The circle is of granite boulders – I can’t find even any supposition as the where these were brought from: the local stone is sandstone. Opinion as to the number of stones also seems to vary wildly – the kids counted and got 65, but apparently it’s impossible to count the stones accurately anyway. The stones were witches – turned to stone by a wizard, or for dancing on the Sabbath. If anyone could count the stones and get the same total twice they would break the spell and release the witches, or bring down bad luck on their own heads, or be able to hear Long Meg whispering if they put their ear to her side, or possibly all three.

Long Meg, meanwhile, is of local red sandstone, stands outside the circle and is very tall and thin.

Long Meg

She apparently is decorated with spirals, cup and ring marks and concentric circles although I didn’t find all of those. There’s a bit of chiselled graffiti too.

Long Meg Carving

I shall have to go back some time and have another look – maybe then I’ll catch the daughters dancing or Long Meg whispering.

The circle is not quite on top of a hill, but it does command very extensive views and is well worth a visit. If you’re lucky you will find it very quiet as we did – just a couple of other families were there when we visited. In the middle of the circle are two very substantial willows – presumably quite old themselves, but I was tickled to think that the stones may have seen several generations of willows grow from saplings to gnarly ancients and eventually topple.

Here’s a slideshow with lots more pictures of stones and an admixture of kids tearing around and climbing on things:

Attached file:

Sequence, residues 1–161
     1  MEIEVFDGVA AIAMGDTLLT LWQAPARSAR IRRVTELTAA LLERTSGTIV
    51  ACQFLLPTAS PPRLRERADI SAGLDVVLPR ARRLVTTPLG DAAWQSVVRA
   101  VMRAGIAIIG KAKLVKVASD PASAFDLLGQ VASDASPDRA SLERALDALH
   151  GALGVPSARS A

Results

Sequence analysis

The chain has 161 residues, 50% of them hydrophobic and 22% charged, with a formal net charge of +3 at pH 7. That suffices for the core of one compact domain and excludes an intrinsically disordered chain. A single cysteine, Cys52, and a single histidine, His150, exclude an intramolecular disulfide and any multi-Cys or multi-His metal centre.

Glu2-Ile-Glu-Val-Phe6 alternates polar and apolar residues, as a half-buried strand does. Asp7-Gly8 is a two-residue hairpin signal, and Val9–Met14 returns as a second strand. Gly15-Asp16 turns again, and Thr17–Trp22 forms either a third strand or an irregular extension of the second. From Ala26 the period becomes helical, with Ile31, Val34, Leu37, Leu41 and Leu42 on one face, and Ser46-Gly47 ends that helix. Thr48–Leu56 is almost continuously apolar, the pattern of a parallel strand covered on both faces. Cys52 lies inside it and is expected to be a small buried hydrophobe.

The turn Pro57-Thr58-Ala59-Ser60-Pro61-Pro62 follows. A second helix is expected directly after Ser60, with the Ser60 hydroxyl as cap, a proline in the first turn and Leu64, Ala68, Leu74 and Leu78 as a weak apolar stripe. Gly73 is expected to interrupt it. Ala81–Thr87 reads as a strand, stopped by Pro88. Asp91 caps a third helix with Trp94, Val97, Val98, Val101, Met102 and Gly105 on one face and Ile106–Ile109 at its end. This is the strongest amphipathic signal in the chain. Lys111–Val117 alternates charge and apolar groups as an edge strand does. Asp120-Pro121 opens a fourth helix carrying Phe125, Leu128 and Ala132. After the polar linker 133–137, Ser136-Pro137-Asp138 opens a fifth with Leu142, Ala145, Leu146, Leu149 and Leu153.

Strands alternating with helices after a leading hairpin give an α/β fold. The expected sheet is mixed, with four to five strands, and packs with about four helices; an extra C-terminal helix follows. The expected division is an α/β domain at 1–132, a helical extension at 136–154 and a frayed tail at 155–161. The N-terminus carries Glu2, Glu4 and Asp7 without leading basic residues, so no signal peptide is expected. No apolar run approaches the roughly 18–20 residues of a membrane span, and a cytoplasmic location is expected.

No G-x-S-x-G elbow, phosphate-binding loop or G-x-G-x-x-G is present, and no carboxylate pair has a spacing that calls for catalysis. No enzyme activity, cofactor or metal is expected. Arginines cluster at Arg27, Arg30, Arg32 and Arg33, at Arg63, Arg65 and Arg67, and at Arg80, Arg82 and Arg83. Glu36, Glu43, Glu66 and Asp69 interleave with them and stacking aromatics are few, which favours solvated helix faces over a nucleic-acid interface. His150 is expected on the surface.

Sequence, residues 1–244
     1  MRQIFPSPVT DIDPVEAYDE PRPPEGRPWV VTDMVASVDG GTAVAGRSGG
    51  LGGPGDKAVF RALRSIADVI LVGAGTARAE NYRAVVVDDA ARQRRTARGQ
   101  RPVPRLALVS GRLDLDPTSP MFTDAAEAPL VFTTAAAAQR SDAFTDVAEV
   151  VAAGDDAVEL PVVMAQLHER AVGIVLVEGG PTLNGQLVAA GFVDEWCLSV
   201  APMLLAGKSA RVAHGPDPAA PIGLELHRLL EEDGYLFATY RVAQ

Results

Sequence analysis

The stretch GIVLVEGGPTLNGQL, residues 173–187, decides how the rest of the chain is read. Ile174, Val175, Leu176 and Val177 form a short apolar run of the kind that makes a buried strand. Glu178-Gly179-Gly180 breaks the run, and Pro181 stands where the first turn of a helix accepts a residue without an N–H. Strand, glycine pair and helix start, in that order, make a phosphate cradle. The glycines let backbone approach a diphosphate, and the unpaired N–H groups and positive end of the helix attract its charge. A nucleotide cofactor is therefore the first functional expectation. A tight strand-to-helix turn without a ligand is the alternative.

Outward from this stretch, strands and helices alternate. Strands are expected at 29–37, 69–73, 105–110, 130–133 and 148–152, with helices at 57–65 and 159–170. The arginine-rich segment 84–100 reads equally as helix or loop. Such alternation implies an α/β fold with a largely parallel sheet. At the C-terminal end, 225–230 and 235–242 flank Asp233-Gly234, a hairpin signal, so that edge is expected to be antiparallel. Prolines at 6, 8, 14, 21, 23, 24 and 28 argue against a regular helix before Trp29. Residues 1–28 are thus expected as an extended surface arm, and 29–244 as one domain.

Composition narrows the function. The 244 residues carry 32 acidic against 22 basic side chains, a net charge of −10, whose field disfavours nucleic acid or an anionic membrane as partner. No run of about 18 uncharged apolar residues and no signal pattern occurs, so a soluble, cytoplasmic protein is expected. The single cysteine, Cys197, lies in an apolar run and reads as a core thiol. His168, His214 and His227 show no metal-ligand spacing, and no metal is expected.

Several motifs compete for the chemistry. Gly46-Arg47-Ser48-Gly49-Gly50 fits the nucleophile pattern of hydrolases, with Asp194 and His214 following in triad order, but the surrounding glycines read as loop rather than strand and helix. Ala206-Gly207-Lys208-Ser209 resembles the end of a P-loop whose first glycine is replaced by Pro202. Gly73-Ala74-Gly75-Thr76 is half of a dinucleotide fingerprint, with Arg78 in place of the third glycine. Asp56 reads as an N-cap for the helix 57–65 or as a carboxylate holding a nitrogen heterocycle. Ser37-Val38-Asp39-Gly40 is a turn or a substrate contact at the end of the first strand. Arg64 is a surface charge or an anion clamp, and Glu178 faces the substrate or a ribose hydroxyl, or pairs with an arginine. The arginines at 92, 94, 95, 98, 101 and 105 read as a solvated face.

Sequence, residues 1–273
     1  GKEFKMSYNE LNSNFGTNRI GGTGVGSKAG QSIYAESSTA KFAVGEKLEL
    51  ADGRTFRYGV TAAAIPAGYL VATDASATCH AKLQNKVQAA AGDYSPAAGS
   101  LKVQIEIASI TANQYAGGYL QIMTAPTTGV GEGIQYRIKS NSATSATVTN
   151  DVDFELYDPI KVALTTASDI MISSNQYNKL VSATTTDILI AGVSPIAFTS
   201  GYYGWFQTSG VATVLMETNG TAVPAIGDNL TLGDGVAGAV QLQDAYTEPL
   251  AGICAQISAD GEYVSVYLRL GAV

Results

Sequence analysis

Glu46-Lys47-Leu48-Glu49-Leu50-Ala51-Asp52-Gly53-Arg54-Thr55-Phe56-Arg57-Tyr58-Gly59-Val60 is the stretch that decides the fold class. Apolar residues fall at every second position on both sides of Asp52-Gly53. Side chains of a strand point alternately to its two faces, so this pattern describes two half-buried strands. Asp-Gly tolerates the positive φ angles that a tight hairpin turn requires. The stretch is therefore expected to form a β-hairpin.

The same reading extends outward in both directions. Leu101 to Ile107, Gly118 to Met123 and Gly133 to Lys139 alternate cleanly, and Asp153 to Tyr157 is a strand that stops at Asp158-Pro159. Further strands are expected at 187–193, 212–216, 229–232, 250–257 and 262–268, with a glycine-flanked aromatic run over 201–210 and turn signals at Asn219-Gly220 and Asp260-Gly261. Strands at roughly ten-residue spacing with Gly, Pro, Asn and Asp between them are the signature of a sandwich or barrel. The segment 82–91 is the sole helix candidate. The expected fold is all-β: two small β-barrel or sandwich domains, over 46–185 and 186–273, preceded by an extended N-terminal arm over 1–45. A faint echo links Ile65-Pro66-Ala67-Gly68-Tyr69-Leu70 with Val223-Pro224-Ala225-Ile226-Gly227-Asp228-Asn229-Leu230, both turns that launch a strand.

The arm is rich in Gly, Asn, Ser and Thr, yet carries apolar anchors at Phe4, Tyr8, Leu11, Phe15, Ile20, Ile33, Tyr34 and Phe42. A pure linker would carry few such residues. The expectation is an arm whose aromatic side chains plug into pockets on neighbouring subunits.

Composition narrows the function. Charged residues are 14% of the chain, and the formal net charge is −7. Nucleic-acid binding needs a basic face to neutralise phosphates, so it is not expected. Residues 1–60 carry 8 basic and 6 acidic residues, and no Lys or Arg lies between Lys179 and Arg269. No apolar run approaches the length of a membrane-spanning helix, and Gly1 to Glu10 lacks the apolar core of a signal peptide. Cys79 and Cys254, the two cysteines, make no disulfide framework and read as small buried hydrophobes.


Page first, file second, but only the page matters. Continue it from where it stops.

*Interesting chap W.G.Collingwood, author, historian and artist, friend of both John Ruskin and Arthur Ransome (Collingwood’s boat was the Swallow).

Long Meg Walk II – Long Meg and her Daughters

Sea Wood, Aldingham, Birkrigg Common

In the car we’d been listening to Michael Hordern read ‘Prince Caspian’. I suspect that Michael Hordern could have made almost anything interesting to listen to, but the kids are quite Narnia obsessed at the moment. A has begun to read the books, the kids have all seen the films – in fact they had watched ‘The Voyage of the Dawn Treader’ at the flicks the day before with their mum whilst I was painting – and they are already busy preparing their costumes as characters from ‘The Lion, the Witch and the Wardrobe’ for World Book Day. Today their mum had taken over the painting duties (fiddly stuff involving gloss paints and woodwork – beyond my meagre capabilities) and I was making a virtue of necessity and taking the rest of the crew for a staycation exploration day.

At the beginning of ‘Prince Caspian’ Peter, Susan, Edmund and Lucy unexpectedly find themselves in a wood, by a shore. They soon find a stream across the beach, and then the ruins of Cair Paravel in which they find a well. In the cold and the mist we embarked into a wood, by a shore. The kids soon found a rivulet issuing from a black plastic pipe. Just into the wood we found a mysterious ditch…